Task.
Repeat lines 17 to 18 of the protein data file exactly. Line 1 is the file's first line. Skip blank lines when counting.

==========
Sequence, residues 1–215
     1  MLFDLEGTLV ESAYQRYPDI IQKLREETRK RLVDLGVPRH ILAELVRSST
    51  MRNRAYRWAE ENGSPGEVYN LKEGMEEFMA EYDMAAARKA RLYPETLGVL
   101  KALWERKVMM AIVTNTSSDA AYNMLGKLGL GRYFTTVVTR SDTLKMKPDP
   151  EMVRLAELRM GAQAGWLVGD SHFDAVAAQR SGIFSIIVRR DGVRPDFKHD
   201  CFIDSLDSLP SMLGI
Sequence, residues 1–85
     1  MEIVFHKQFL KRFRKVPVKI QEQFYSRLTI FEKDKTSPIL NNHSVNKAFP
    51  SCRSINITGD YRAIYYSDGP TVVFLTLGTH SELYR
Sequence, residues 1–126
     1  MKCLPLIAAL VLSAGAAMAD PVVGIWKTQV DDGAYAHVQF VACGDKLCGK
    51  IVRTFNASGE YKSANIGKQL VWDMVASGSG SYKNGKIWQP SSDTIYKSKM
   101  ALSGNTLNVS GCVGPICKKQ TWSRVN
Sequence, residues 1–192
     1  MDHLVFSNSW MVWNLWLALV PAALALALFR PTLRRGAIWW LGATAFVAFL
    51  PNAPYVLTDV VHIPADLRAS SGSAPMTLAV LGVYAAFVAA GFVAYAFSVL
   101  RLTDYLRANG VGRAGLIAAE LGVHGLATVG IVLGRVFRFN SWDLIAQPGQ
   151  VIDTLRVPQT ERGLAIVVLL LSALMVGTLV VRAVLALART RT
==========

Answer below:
   101  RLTDYLRANG VGRAGLIAAE LGVHGLATVG IVLGRVFRFN SWDLIAQPGQ
   151  VIDTLRVPQT ERGLAIVVLL LSALMVGTLV VRAVLALART RT